Bradley Weber ’19 (MBA) worked as a supply chain team leader at Wegmans and enrolled at RIT three years ago to work on a master’s degree part time.

Through his work at Wegmans, Weber understood how important computer systems are to managing a network of warehouses today. He shared that expertise with his Organizational Behavior and Leadership class.

Bradley Weber stands in Lowenthal Hall.A. Sue Weisler Bradley Weber ’19 (MBA) helped create a new major in global supply chain management as a graduate student representative on the Management Industry Advisory Board.

His professor, Sandra Rothenberg, then connected him with Shal Khazanchi, chair of RIT’s management department who was putting together an industry focus group to discuss a new master’s degree program in global supply chain management.

“There was a common theme resonating from our management advisory board — how technology is more important than ever for running a business,” said Khazanchi. “We learned that employers are looking to hire graduates who can be effective leaders and understand the technical aspects of the entire supply chain network.”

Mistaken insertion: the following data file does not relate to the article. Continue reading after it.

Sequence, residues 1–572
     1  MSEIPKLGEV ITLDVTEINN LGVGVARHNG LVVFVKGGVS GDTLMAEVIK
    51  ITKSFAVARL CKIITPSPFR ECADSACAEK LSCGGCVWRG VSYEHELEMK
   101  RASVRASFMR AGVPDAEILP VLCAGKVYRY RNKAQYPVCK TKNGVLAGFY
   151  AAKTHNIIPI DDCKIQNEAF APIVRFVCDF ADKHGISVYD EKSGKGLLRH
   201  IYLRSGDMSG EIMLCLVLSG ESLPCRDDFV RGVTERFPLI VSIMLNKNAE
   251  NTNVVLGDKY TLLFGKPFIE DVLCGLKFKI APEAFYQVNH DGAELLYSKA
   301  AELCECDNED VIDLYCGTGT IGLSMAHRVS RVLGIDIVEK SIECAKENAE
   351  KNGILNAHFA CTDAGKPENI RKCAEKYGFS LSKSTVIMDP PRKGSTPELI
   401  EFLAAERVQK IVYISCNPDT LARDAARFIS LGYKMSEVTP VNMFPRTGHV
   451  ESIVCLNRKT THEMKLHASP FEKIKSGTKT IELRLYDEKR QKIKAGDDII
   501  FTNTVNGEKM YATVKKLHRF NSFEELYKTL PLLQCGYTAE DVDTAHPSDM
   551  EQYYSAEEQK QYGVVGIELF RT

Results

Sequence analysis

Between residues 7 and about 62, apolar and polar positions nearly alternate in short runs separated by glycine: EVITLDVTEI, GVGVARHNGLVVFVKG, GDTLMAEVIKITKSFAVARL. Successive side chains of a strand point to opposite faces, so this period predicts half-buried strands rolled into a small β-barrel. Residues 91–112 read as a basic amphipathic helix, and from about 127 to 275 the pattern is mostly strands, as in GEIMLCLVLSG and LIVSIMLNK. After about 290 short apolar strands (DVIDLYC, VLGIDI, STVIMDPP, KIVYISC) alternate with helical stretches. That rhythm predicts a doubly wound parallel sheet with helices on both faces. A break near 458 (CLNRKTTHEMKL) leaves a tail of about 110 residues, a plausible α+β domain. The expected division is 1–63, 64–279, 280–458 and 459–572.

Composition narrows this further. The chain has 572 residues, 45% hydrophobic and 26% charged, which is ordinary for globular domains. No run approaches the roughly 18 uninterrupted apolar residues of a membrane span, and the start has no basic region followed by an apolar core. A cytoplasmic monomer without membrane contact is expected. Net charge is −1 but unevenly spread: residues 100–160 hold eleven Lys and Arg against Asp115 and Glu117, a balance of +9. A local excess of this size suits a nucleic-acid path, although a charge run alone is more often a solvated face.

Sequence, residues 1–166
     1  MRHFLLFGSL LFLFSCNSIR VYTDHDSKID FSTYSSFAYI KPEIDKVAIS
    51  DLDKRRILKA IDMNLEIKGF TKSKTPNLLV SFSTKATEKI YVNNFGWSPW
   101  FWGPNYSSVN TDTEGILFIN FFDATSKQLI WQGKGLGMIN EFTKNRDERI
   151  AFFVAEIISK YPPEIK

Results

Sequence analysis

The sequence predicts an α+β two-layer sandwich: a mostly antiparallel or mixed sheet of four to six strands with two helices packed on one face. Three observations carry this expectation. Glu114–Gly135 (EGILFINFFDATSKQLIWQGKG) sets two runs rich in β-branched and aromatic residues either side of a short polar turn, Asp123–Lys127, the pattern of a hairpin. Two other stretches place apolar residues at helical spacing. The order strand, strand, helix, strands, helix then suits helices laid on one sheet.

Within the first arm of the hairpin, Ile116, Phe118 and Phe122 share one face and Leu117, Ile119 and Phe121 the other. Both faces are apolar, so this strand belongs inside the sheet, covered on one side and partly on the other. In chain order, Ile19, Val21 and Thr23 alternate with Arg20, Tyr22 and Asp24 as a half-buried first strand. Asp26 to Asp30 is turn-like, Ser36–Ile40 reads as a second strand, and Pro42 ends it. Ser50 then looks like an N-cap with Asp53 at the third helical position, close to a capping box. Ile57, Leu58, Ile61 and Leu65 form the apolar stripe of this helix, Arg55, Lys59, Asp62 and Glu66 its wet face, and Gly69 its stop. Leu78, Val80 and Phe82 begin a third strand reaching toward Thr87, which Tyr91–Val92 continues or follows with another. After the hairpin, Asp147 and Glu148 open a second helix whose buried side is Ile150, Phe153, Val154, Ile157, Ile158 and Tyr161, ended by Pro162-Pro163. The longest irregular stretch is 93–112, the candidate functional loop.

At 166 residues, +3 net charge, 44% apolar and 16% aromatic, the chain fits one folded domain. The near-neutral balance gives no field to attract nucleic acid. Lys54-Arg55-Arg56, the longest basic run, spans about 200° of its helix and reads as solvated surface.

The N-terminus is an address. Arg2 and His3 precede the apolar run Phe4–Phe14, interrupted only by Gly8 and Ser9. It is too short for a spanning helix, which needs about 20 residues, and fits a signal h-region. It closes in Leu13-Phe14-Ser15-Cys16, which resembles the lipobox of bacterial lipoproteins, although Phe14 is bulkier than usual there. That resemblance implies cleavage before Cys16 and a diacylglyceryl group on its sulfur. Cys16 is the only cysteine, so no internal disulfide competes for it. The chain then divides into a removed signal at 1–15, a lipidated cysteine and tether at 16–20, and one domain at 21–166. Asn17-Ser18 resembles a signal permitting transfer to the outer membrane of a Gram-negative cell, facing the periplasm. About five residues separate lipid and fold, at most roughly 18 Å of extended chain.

As a graduate student representative on the advisory board, Weber joined leaders from Constellation Brands, Kodak, and other local companies to provide input on the knowledge and skills needed in the industry. The group also reviewed which aspects of the curriculum they thought would be useful for students and potential employers.

“At Wegmans, we need people with experience planning and laying out networks that involve both people and machines,” said Weber, who is now a logistics coordinator with Wegmans. “And like many companies, we’re getting products from all over the world. So new graduates should be able to adapt to doing business across different countries and cultures.” 

This academic year, Saunders College of Business began accepting students into the new master’s degree program in global supply chain management.

“We’re lucky to have industry leaders who advocate for our students and programs,” said Khazanchi. “We need that outside perspective to make sure that our curriculum meets industry needs and equips RIT graduates with the knowledge and skills that are needed for their long-term success.”